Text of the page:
|Authors: ||Y. Li, T. Fuse, S. Kawano, H. Kunitake|
|Keywords: ||calcium ion, actin filament, pollen culture, self-incompatibility, punctate foci|
Self-incompatibility (SI) in Citrus strongly prevents self-pollination and promotes outcrossing.
Even though it has been confirmed that the S-allele is a key gene in controlling the recognition between pollen and pistil in Rosaceae, Solanaceae and Papaveraceae, this has not been cloned in Citrus. A citrus mature pollen culture system was established in our lab in order to culture LSQUOBanpeiyuRSQUO and LSQUOHyuganatsuRSQUO pollen in vitro.
Stylar crude protein extracts were used to treat citrus pollen in order to induce the SI-like response in the pollen tube.
We observed the alteration of the pollen tube shape, including tip twisting and content leakage.
Programmed cell death (PCD), as a normal cellular process that eliminates unwanted cells, was reported in previous studies of incompatible pollen tubes, together with an increase in hydrogen peroxide (H2O2), depolymerization of actin skeleton, the collapse of mitochondria, and leakage of cytochrome c.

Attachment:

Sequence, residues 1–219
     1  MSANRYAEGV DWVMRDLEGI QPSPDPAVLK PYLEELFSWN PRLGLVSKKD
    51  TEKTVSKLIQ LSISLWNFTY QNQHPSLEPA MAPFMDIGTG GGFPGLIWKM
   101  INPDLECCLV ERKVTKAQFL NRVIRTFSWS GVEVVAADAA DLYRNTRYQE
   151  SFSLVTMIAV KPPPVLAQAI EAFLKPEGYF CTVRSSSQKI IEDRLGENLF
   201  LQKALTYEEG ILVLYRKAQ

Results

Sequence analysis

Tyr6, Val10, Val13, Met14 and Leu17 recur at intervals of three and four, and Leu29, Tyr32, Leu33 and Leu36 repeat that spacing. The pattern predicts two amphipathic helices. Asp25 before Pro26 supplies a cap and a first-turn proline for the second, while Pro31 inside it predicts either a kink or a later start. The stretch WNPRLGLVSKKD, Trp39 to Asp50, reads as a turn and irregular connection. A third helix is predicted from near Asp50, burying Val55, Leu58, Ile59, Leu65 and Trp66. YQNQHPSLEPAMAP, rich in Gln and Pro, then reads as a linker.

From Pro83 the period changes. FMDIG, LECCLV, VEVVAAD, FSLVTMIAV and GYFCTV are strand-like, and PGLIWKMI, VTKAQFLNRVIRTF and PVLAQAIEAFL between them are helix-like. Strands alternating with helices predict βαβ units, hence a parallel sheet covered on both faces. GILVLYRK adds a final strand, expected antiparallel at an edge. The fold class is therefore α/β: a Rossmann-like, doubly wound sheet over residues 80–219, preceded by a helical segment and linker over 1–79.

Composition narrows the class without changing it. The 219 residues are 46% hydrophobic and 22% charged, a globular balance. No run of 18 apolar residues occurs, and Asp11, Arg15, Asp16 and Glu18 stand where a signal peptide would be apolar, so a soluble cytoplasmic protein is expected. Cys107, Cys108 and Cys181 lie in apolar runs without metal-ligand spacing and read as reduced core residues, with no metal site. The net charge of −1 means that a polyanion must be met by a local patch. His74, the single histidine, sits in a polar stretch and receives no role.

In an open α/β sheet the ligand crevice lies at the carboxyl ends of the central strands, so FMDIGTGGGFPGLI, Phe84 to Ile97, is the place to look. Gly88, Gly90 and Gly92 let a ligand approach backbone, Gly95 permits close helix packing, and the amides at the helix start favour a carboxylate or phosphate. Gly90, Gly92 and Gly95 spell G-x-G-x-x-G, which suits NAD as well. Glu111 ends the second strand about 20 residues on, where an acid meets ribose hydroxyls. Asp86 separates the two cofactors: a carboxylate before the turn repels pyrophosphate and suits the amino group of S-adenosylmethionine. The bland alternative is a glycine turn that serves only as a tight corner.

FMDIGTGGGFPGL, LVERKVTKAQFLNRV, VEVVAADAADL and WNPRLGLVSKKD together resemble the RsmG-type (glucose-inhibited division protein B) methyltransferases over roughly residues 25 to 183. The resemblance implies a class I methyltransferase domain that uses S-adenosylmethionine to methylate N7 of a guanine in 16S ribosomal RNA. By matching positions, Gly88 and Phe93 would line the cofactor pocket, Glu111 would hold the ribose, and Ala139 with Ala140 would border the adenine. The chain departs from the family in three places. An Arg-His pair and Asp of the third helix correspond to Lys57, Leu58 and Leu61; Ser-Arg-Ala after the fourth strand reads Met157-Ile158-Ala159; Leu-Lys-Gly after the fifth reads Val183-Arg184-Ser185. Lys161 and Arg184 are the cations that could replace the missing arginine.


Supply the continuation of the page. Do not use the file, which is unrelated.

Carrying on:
In our study, we investigated the cytosolic calcium ion concentration ([Ca2+]cyt) changes and identified alterations in the actin cytoskeleton in the pollen tube after exposure to the incompatible treatment.
The [Ca2+]cyt content increased after incompatible treatment, but there was no obvious difference between the compatible-treatment group and the control.
Punctate foci of actin filaments were found in the incompatible-treated pollen tubes; the rates of punctate foci were significantly higher than in the compatible-treated pollen tubes in both LSQUOBanpeiyuRSQUO and LSQUOHyuganatsuRSQUO. The results suggested that these alterations in the pollen tubes were directly induced by the SI-like response, and might cause pollen tube PCD.
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